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Heating Up! A Guide to Gravity Convection Ovens

Heating Up! A Guide to Gravity Convection Ovens

You may have heard of, or even cooked your favorite meal in, a regular convection oven. Relatively small and compact, they have become common additions to any household kitchen counter over the last few years. In the laboratory, there’s usually no need to make toast or roast veggies, however, there may be a need to dry or heat up delicate samples. Therefore, a gravity convection oven is the perfect fit for your lab space.

What is a Gravity Convection Oven?

While a regular, or forced-air, convection oven uses a fan to circulate air around the chamber, creating an even flow of hot air throughout, a gravity convection oven does not use a fan. Instead, Gravity Convection Ovens take advantage of the natural phenomenon of heat rising.

But wait, if there’s no fan, won’t the upper levels of the gravity convection oven be much hotter than the lower levels? Nope! This is because hot air rises as it expands and loses density. Once this hot air reaches the top of the oven, it can no longer maintain its heat energy, so this air begins to make its way back down the oven. This process continues to repeat. Though the temperature may not be as consistent throughout as a forced-air oven, the small chamber means that the heat has less space to fill, and without a fan, the air within the chamber moves much slower and is generally less disruptive.

What is a Gravity Convection Oven Used For?

Sometimes you may need to dry, heat, cure, bake, or sterilize samples, such as powders or other material that can weigh extremely light. These materials could be blown away or moved by the fan in a forced-air oven. Some may have tried to use aluminum foil or parchment paper, for example, to line a pan in their household forced-air convection oven and noticed that the ends curl and move up and down as the air travels. A gravity convection oven prevents this movement from occurring because the air in the chamber is moving naturally.

Benefits of Gravity Convection Ovens

  1. Gentle Airflow – If you work with lightweight substances that you need undisturbed while they cure, heat, or sterilize, a Gravity Convection Oven is once again perfect for you. Save time cleaning out powder from the crevices of your forced-air convection oven and buy a gravity convection oven today!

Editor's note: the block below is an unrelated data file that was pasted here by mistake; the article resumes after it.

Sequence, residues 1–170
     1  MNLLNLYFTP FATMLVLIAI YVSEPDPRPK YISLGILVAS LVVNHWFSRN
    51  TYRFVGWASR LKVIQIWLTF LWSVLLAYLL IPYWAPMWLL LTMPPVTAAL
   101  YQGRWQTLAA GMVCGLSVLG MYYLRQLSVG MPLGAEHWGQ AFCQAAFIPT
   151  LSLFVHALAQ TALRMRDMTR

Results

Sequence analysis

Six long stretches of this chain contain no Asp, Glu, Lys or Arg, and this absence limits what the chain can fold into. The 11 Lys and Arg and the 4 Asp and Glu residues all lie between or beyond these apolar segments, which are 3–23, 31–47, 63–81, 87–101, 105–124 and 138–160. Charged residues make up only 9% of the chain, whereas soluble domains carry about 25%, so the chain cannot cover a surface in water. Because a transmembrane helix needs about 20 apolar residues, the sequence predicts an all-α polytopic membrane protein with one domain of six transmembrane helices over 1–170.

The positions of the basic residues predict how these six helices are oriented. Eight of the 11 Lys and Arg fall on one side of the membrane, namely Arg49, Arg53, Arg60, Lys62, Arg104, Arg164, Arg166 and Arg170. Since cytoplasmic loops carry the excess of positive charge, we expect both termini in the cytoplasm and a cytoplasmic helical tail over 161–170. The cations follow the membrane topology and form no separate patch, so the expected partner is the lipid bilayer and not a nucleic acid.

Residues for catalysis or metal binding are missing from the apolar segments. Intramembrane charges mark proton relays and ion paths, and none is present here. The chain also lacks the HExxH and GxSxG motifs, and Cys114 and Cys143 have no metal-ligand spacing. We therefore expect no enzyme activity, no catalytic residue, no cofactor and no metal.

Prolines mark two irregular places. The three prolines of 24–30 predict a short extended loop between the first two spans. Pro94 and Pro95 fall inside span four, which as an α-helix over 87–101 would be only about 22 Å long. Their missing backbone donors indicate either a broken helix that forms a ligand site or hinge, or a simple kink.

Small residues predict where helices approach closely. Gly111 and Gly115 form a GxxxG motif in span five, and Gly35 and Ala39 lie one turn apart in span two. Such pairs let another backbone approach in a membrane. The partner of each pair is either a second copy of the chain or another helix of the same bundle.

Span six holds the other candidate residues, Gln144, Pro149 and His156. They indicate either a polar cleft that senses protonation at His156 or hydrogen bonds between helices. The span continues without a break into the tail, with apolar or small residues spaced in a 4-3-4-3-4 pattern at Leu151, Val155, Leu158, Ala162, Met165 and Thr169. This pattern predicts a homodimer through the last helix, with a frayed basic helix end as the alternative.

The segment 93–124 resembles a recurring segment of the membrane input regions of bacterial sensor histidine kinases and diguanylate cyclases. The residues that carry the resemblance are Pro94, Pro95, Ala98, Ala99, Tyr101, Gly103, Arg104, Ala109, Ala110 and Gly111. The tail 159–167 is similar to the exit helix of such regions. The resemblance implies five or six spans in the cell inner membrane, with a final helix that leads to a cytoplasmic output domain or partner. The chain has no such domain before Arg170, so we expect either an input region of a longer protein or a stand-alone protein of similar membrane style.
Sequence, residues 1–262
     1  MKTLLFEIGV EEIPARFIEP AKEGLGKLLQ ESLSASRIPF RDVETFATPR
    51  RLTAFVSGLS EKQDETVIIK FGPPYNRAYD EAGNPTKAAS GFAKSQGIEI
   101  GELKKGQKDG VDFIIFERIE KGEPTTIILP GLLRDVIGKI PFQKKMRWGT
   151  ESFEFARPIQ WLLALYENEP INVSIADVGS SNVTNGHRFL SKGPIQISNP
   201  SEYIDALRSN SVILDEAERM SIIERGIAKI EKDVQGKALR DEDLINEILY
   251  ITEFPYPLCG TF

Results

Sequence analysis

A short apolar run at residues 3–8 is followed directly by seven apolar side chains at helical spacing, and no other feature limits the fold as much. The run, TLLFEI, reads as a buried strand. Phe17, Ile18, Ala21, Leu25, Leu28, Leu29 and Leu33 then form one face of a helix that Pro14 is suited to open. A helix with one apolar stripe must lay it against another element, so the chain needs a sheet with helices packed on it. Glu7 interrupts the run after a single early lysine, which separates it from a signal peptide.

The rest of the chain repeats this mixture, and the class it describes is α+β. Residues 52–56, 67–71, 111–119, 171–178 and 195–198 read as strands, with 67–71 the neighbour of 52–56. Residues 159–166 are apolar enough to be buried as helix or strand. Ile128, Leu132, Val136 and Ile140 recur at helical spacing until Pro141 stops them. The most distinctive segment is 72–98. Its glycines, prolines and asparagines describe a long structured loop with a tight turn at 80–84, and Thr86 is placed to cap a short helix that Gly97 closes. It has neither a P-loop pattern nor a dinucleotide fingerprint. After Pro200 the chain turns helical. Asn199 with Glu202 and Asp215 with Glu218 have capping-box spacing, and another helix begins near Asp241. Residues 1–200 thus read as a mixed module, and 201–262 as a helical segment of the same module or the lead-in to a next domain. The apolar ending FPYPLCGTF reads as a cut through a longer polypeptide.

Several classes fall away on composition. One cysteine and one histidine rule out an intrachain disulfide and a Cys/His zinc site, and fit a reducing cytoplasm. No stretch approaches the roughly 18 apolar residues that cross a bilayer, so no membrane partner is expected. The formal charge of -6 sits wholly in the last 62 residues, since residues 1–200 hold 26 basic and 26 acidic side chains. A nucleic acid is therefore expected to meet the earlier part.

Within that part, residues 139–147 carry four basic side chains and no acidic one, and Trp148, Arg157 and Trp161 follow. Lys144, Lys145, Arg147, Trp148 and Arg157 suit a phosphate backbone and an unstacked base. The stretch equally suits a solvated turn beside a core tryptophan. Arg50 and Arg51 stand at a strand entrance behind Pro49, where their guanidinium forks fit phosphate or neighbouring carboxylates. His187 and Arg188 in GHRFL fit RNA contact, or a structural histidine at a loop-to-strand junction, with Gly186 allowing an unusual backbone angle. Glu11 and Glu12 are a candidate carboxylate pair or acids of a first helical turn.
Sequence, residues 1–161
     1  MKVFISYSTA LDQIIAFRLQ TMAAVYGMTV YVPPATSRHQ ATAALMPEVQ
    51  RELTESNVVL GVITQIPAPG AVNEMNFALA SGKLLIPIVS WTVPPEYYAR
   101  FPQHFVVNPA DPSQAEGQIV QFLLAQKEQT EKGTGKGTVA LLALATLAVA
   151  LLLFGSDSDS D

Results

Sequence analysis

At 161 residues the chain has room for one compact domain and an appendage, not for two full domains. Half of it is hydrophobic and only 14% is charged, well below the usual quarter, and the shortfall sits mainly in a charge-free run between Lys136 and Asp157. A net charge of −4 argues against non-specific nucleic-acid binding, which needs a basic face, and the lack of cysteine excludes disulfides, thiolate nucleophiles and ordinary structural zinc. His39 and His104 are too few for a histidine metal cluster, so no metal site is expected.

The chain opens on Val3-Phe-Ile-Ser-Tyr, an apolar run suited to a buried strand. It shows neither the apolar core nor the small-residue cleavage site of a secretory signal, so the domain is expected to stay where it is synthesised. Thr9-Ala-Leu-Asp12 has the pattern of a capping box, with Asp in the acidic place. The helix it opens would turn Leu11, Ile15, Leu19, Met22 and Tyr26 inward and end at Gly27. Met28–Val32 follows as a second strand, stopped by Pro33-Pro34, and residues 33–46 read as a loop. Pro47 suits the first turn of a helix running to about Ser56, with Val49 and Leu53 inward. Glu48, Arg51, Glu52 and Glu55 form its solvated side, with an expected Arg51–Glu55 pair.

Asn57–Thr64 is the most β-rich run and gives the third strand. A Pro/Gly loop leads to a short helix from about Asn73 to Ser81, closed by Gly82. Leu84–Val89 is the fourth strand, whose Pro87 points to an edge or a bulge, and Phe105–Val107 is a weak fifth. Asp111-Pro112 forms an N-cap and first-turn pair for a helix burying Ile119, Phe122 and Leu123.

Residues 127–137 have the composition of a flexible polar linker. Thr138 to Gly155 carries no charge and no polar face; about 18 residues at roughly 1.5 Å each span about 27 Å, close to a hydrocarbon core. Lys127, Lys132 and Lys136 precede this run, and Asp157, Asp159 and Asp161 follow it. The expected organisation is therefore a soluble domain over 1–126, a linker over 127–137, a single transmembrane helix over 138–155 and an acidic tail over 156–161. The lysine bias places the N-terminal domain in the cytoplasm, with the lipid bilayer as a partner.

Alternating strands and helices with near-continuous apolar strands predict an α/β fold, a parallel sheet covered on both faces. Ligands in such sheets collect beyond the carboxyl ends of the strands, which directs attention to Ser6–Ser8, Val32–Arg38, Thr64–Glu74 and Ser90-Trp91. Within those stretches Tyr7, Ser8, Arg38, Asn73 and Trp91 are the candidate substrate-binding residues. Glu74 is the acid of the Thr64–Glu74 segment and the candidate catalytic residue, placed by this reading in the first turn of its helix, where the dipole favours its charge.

2. Costs Less – Gravity convection ovens are typically much cheaper than their forced-air alternatives due to the lack of necessity for fan technology. Gravity convection ovens may range from $450 to $900, while forced-air ovens can range from $600 to over $1,450. Depending on your needs, a gravity convection oven is less messy and less money!

Drawbacks of Gravity Convection Ovens

  1. Temperature Distribution – As said earlier, with no fan, there is no guarantee that the heat in a gravity convection oven will be consistent or uniform throughout. It is possible that, though the air is moving up and down, the upper levels may be slightly warmer. It’s important to take this into consideration if you need to make sure that certain samples are treated the same throughout your experiment. However, if temperature uniformity is not one of your considerations, gravity convections are perfect for your lab.
  2. Slower Heating and Cooling – There’s a reason that gravity convection ovens have been relegated to the laboratory instead of the typical kitchen. Without a fan, the air is moving much slower in gravity ovens than in forced-air convection ovens, meaning it’s going to take longer for your samples or materials to heat, dry, and for the oven to cool down to room temperature.

 

Sonic Supply offers a range of gravity convection ovens suited to your needs! If a forced-air oven better suits your lab, we have those too! Get yours today!

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